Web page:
Each engagement requires hours of preparation for the team of one to four volunteers – it involves volunteers drafting a proposal for activities to be done during the session, followed by approval by volunteer Field Leaders before reaching the Heartware staff. If all goes well, it would then be sent to the beneficiary organisations for approval.
“Most of the time it’s the proposal approval and rejection process that requires more work,” Javier says. After the proposal is approved, the volunteers will also prepare slides for the session where it goes through the same process.
They also work within a tight timeline and according to Aysha, just four days of planning is considered “plenty of time”.
Additionally, unlike physical sessions where logistics can be provided, engagement from home requires more thought to be put into what kind of logistics the beneficiaries would have at home, or in their classrooms. Javier says that logistics are “kept to a minimum”.
Aysha smiling brightly with the lovely children from the Stamford CareHut as part of the Care Community Services Society.
Spreading Smiles Through Screens – Not As Easy As It Seems
The engagement sessions are mostly with children aged 7 to 12 years old, and some children with intellectual disabilities between 5 to 8 years old, done through video calls.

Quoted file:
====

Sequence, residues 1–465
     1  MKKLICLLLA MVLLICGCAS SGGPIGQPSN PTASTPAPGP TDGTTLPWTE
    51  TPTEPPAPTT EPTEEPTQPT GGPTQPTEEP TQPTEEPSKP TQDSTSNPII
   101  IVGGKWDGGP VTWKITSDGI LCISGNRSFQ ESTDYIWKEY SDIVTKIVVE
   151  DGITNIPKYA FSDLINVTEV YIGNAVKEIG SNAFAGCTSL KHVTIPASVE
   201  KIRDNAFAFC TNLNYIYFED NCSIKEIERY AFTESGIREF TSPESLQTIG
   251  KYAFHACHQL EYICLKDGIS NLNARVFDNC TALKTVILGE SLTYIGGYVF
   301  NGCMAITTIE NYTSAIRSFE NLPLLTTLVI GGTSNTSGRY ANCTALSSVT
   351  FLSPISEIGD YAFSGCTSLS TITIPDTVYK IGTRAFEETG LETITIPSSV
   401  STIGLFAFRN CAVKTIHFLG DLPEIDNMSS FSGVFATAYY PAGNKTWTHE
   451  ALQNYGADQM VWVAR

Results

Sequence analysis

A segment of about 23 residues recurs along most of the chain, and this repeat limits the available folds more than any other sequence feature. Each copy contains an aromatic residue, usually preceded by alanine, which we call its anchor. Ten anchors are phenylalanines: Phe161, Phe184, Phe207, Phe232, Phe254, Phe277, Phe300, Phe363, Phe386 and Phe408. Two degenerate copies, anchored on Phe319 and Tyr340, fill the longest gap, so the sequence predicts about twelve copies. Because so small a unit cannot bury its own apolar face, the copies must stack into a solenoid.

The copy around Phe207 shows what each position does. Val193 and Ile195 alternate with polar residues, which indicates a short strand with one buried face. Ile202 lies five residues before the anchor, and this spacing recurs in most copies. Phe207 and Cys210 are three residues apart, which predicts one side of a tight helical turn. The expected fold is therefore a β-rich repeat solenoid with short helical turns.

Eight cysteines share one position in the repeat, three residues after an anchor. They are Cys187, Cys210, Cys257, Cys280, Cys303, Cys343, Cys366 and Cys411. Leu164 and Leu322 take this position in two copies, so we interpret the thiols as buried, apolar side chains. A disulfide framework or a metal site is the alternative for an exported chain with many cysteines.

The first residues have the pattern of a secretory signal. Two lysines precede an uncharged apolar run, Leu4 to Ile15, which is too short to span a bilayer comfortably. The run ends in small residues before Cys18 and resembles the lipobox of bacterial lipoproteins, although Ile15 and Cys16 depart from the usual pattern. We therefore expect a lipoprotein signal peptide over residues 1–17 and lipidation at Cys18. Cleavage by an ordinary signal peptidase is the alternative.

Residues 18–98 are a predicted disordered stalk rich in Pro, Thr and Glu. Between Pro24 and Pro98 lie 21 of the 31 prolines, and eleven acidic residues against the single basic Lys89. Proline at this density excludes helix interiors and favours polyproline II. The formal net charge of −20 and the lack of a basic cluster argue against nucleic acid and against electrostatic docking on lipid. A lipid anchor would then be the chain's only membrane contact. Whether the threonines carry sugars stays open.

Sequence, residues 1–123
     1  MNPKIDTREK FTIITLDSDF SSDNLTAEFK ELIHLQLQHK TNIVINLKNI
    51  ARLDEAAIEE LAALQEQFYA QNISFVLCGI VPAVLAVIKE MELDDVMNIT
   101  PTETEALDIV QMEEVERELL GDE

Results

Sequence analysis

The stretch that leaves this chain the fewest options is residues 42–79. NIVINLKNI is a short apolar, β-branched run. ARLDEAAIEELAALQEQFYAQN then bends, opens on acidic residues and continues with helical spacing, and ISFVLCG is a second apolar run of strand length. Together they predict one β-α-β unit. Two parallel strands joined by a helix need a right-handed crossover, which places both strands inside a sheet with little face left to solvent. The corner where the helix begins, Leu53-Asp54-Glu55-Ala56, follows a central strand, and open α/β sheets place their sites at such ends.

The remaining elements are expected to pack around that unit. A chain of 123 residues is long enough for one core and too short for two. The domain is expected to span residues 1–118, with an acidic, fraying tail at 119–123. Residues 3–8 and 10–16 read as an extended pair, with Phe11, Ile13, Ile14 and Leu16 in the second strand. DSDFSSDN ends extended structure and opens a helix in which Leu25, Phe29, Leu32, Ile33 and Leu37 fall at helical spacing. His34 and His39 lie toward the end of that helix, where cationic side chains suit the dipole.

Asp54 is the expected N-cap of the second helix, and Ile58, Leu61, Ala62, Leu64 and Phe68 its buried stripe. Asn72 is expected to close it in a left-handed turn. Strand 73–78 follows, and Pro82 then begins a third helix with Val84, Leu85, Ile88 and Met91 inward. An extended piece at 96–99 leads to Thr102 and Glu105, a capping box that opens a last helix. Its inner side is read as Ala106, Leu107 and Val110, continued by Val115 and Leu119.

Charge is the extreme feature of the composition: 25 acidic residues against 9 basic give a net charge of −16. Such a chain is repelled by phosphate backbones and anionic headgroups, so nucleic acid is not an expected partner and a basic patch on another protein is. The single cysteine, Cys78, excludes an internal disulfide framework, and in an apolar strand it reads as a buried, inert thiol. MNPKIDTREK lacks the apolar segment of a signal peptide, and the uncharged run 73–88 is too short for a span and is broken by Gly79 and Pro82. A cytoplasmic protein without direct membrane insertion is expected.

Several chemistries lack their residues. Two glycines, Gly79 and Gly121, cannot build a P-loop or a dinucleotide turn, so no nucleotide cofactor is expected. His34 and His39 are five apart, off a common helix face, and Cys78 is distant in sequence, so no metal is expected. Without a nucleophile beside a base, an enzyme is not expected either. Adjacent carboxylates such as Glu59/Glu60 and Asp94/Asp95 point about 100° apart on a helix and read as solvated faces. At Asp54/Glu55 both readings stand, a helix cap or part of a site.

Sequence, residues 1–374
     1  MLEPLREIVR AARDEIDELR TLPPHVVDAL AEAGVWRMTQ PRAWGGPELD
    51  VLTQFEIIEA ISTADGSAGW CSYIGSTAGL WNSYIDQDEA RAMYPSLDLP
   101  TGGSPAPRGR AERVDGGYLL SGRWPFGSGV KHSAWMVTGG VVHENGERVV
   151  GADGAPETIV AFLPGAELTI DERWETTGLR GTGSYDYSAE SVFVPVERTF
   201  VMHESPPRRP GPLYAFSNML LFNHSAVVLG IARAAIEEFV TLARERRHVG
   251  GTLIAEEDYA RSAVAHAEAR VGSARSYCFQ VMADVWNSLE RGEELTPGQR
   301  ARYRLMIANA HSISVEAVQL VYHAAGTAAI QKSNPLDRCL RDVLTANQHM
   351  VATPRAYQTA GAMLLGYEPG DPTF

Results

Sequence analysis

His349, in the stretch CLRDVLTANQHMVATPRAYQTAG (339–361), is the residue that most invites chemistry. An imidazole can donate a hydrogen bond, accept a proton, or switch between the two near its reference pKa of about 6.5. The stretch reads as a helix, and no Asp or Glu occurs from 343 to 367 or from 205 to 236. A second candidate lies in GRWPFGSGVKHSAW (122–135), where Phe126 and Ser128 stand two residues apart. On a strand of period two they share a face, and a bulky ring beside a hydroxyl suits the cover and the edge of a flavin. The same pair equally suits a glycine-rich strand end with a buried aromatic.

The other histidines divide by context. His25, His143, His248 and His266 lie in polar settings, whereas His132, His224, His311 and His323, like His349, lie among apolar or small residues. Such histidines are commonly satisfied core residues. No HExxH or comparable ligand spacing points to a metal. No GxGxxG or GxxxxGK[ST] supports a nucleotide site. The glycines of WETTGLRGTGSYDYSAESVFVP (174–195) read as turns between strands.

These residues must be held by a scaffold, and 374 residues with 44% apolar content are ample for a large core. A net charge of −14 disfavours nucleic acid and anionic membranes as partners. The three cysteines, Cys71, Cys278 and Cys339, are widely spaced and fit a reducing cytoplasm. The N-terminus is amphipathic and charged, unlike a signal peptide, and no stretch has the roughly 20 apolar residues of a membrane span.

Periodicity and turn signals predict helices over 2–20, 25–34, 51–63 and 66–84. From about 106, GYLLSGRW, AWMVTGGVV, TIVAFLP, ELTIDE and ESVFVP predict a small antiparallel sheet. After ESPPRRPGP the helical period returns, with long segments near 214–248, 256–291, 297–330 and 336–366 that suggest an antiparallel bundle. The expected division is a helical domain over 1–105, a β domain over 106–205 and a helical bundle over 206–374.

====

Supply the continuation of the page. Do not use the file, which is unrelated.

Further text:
One of the engagements Javier attended was with the intellectually disabled youth where his team had to Zoom call the beneficiaries from their homes. At home, the beneficiaries would have their parents to help facilitate the activities
“As much as possible we try not to get the parents involved as it’s supposed to be their rest time. [However,] most of the time they still have to be [involved] because in a non-physical situation, it’s difficult to grab their attention and sustain it,” Javier explains.
For that session, his team did a simplified version of the Cup Song as well as Baby Shark with the beneficiaries and struggled getting their attention.
In a similar engagement Aysha attended, she adds that “most of the parents would dance as well in hopes that that their kids would follow them”.
Another challenge that came with interacting online is the occasional disruptions by technology. Aysha highlights that dancing can be off-beat due to the delayed connection. Additionally, in her first engagement, her partner was supposed to introduce the session and had all the materials but couldn’t enter the Zoom call. Aysha, with no prior experience, was left in a call to a classroom of kids through one screen. Luckily, she adapted.
“I realised it’s just a screen separating us and I just started engaging with them. We became friends in ten minutes or so,” she smiles as she recalls the incident.